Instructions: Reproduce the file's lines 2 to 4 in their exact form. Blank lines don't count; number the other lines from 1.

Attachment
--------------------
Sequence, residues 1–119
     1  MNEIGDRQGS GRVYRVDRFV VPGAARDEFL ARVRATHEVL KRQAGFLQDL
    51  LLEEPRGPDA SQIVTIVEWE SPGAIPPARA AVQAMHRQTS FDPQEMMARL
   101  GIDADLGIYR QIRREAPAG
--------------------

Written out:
     1  MNEIGDRQGS GRVYRVDRFV VPGAARDEFL ARVRATHEVL KRQAGFLQDL
    51  LLEEPRGPDA SQIVTIVEWE SPGAIPPARA AVQAMHRQTS FDPQEMMARL
   101  GIDADLGIYR QIRREAPAG